MHC class II binding peptides represent commonly recognized Ig epitopes in sera from patients with pulmonary TB.

We previously identified three patterns of IgG and IgA reactivity to M. tuberculosis target peptides: (i) epitopes that are exclusively recognized in individuals with pulmonary TB (and not in healthy individuals), (ii) epitopes that are recognized in healthy subjects and not in patients with pulmonary TB, and (iii) epitopes that are recognized in both TB patients and healthy controls, but in a differential manner, i.e., either strongly in one group and weakly in the other group or vice versa. Based on the observation that B- and T-cell epitopes can overlap, as defined by the SEREX approach in screening for tumor-specific B- and T-cell responses (20), we tested whether any MHC class II binding peptide identified in the current report would also serve as targets for an IgG response in sera from patients with acute pulmonary TB. Note that we screened only M. tuberculosis epitopes that were commonly recognized (n = 35/35 patients) in sera from patients with TB and not in any healthy individual (n = 34) for MHC class II binding. Two hundred twenty-two M. tuberculosis peptides that bound to any of the three MHC class II monomers were also defined as IgG epitopes in sera from patients with TB (14). Out of these 222 peptides, 33 bound to all three MHC class II monomers, 24 bound to only two monomers, and 165 bound to only a single MHC class II allele. Eighty peptides bound to HLA-DRB1*0101, 52 bound to HLA-DRB1*1501, and 185 peptides bound to HLA-DRB1*0401. These peptides are listed in Table S2 in the supplemental material.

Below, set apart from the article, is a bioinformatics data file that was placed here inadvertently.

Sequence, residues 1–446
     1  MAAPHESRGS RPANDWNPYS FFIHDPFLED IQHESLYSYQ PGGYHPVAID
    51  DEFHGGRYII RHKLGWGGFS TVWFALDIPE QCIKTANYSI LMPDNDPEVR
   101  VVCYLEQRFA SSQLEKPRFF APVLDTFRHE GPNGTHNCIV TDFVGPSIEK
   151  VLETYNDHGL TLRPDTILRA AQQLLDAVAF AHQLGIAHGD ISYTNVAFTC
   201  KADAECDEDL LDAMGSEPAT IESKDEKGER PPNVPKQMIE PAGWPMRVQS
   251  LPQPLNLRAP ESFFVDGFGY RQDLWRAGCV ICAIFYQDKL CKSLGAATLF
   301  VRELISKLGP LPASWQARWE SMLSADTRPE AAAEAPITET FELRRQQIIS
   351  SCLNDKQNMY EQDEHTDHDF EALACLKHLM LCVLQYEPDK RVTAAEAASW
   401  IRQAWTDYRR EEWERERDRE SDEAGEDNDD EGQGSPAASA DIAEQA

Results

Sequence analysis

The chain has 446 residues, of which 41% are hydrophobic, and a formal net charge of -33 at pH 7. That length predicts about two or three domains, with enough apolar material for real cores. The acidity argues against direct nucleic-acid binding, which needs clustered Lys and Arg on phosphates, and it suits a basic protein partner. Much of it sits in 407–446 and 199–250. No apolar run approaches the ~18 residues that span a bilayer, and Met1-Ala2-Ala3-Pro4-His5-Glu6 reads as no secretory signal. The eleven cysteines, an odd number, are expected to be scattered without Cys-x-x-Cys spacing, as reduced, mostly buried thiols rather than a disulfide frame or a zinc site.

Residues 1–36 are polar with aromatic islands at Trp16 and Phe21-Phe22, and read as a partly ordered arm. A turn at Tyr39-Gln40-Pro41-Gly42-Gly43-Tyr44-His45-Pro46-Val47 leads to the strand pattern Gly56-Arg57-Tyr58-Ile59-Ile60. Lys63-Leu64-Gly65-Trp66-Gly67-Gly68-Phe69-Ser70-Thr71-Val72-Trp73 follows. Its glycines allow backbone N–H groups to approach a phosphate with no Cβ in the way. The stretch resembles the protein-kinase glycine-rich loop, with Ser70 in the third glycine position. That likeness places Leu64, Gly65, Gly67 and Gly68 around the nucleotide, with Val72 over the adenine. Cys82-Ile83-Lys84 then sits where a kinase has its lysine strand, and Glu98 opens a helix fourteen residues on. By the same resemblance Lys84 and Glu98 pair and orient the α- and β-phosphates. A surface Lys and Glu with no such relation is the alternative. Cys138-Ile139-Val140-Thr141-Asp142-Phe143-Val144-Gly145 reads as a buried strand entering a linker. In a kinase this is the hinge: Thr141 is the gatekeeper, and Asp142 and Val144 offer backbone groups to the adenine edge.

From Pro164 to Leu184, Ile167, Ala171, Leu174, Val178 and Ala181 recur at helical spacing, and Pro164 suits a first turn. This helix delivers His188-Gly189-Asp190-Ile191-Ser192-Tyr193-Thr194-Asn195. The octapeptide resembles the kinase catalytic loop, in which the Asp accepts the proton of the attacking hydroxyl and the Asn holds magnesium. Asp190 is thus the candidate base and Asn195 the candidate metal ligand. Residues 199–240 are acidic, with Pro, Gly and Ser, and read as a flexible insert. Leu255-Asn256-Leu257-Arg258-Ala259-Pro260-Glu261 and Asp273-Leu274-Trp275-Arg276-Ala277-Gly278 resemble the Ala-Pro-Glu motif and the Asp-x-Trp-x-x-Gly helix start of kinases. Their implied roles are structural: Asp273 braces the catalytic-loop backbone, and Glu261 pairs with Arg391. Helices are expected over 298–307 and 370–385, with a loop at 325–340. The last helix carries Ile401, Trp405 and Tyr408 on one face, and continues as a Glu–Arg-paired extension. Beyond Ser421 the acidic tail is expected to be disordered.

DISCUSSION

Only 7% of the 4,000 open reading frames of M. tuberculosis have been explored for B-cell and T-cell epitopes. This is due to the size of the M. tuberculosis genome, i.e., the number of protein targets to be tested, and to the lack of appropriate technology to explore such a massive data set in an affordable manner. This report describes the detailed analysis of an M. tuberculosis peptide microarray using 7,446 overlapping peptides from 61 individual M. tuberculosis proteins to identify potential T-cell epitopes that could be presented by three common MHC class II alleles, HLA-DRB1*0101, -DRB1*1501, and -DRB1*0401. Most of the peptides that we identified bound to more than a single MHC class II molecule; only a few peptides bound to only one MHC class II allele. This is not surprising, since MHC class II peptide binding is quite promiscuous (17, 30), and all MHC class II binding M. tuberculosis peptides listed by Blythe and coworkers bound to three or more MHC class II alleles (3).